Monday, February 2, 2009


photo of Chamber's Dictionary

Apparently, "Arsefingle" means to evade trouble with great regularity, even in the face of overwhelming odds and evidence of your corruption. Hmmm...sounds a bit like Lermontov, lol.
Also, I got a kick out of "shatner".

My post isn't about arsefingle. Actually, I was over at Cin's and she's written about her son's favourite word, and there are certain ones I really like saying because of the way they roll off your tongue. Here's a few:

discombobulated :: circuitous :: superfluous:: gobsmacked :: polydachtyl

What are yours?


  1. I too like discombobulated. But my fave would be 'mellifluous' because it sort of sounds like what it describes

  2. meningococcal

    Lermontov: it's called onomatopoeia when the word sounds like the thing it's describing

  3. Gary Larson likes to say "cow." If you take your time to say it it can be an intrinsically funny word: "cowwwwww."

    Pneumonoultramicroscopicsilicovalconoconiosis is an example of a word (and medical condition) that is not funny.

    Chris commented that you don't hear the word "exuberant" every day, when I used it to describe my loud kids. I also enjoyed appropriately using "fallacious" in casual conversation.

    There's a word "nimas" in Hebrew that doesn't translate. I've seen it translated as "infuriating" but it means something more like "tiring." It elegantly describes something that you have experienced so much of, that you are sick to death of it.

  4. Hmm, I rather like discombobulated. Also at 46 characters, Pneumonoultramicroscopicsilicovalconoconiosis is the longest word in the dictionary. Try saying it though... I'm not certain I've ever heard anyone say it.

    My dad uses cognizant a lot and whenever he does, it sounds, interesting.

  5. Circuitous is definitely a word I enjoy incorporating into my quotidian lexicon. I also like the word lexicon. Others I enjoy are xanthic, scintillating, and polysyllabic.
    Add to that chiaroscuro.

  6. Arsefingle
    sounds like my lil bro. lol

  7. Sorry Kate, but that ‘Chambers New Dictionary’ page is a spoof from the British satirical blog The Spine – there ain’t no word ‘arsefingle’ (or at least not in Chambers Dictionary – a copy of which is on my desk all the time).

    Chambers does have some nicely quirky definitions though, the most-often quoted one being ‘éclair n. a cake, long in shape but short in duration, with cream filling and chocolate or other icing.’

    Some of my favourites:


  8. Simon - I said to Bill last night - "wonder if this is a real thing?" and he thought I'd find out soon enough, LOL.
    I really like quirky definitions, too.

    EPN - that's a huge word!

    Lou - I remember onomatopoeia from school!

    Tuesday - polysyllabic is a melodic word.

    Alianna - I tried pronouncing it!

    Kamai - my bro too, lol

    Noc - I'll have to remember "mimas". I feel that way about prospecting, lol.

  9. I like to use the word behoove.

    Smegma is a semi-naughty word that is fun to say........

  10. yacky - OMG!!! My late husband, my best friend and myself were on a road trip and listening to Sue Johanson on the radio. She was talking about Smegma and we LOAO! Okay, not Dale, but Crystal and I thought it was a hilarious word, lol.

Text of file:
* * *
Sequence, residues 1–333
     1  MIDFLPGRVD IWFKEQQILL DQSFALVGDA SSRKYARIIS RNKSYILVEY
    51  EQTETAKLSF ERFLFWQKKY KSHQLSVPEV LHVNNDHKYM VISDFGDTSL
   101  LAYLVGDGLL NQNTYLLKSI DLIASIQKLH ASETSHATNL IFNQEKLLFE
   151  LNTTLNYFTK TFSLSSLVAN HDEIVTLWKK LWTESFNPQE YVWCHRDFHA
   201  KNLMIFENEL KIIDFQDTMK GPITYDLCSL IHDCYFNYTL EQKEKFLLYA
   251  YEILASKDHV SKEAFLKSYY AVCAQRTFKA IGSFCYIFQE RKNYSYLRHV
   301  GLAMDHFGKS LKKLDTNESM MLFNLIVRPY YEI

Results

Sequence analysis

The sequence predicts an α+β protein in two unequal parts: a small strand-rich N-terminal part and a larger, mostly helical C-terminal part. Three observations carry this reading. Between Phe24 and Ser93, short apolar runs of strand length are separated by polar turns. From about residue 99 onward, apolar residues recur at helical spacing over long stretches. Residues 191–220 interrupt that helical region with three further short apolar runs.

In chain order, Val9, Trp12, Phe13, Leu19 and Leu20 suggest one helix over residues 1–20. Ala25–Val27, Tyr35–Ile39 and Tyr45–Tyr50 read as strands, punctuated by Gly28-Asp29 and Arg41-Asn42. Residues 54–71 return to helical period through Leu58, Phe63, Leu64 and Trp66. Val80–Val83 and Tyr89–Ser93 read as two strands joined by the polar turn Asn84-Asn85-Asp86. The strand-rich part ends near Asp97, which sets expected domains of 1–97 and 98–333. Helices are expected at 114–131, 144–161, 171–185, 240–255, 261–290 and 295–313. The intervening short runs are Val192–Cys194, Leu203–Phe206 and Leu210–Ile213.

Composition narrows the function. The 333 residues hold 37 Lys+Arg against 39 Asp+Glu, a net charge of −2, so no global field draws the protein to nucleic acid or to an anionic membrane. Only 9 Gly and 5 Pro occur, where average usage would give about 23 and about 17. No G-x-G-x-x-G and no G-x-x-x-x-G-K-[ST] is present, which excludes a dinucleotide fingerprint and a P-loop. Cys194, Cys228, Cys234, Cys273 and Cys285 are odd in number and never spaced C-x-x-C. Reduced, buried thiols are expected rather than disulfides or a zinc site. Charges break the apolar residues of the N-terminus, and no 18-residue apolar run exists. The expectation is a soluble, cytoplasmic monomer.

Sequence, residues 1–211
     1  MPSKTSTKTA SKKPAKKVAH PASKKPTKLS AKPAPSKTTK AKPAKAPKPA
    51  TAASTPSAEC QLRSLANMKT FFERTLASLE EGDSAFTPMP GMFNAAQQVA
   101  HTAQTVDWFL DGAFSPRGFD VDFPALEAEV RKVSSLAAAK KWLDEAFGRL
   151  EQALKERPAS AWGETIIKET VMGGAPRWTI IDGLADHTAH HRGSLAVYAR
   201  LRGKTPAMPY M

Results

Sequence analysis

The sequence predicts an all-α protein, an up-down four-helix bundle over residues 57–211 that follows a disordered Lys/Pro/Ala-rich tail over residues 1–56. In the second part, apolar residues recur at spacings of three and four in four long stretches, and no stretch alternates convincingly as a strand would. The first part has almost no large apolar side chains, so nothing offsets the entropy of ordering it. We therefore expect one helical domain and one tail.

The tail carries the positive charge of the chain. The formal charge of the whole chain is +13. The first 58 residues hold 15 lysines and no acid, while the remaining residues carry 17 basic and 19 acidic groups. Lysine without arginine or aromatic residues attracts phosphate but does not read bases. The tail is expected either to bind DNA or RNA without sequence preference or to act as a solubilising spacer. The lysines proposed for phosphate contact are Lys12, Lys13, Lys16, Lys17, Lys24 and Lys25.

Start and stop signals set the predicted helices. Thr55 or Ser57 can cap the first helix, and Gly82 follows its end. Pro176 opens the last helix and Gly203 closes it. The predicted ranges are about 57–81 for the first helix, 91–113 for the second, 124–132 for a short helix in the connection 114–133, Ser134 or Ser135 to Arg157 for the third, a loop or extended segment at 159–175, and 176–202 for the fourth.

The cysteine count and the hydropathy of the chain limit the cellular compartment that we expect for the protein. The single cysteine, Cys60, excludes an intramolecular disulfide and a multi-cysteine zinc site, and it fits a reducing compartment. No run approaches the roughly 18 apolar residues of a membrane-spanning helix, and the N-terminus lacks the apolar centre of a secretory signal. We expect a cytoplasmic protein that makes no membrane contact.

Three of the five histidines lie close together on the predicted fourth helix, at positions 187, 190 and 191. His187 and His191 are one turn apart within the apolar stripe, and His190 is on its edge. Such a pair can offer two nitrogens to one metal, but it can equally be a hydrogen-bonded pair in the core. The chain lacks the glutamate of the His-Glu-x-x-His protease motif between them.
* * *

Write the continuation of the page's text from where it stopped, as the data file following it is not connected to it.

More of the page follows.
Good times.

  11. I say discombobulated all the time, and I get the wierdest looks...
    And Sue J looks JUST like my grandma! They could seriously be separated at birth. It cracks me up, watching her show... my grandma's NOT supposed to talk like that! Especially when she brings out the toys and rates them!

  12. I have a bunch of word verification "words" saved up, and I hope to put meanings with them at some point.

  13. Alianna, I learned to say it in elementary school because I had an odd teacher. I say it: New-MAH-no-ULT-rah-mike-row-skopp-ick-sih-lick-oval-caw-no-caw-nee-oh-sis. It's not a useful thing to know how to say.

    Kate, I can hardly believe you thought that was real. It looked obviously satiric. Did you find it online?

    I thought of a good word similar to "nimas" today: "exasperating." It's not exact, but it's close. I always get stuck on that word when I try to translate a particular love song from Hebrew.

    It bugs me how people have no idea what "quixotic" means. I'm sure none of the people who misuse it have ever read Don Quixote. They tend to not understand "precocious" either. In this song it might be used correctly, but then the singer is British and so presumably speaks English:
    "You're quite precocious."
    "I know which buttons should be pressed."
    "Let's go out driving."
    "I'll wait till you've passed your test."

    That "Airborne" placebo claims to be "effervescent."

    Isn't it cruel that "lisp" has an "s" in it? And how about how hard "dyslexia" is to spell? "Monosyllabic" has five syllables too, same as "polysyllabic."

    "Chiasmus" is a word I hardly ever get to use.

    Ever since seeing "Avenue Q" I find myself using "schadenfreude" often, even with my seven-year-olds and nine-year-olds.

    So, the other day my girlfriend said I was a paedophile! I said, "That's a pretty big word for a twelve-year-old!"

  14. Noc - the whole thing was done in minutes, without dong any research at all. Sort of like when I found The Onion, lol. Most of the time when I do stuff like this, I'm multi-tasking and learn as I go along. Besides, I really liked the word "arsefingle"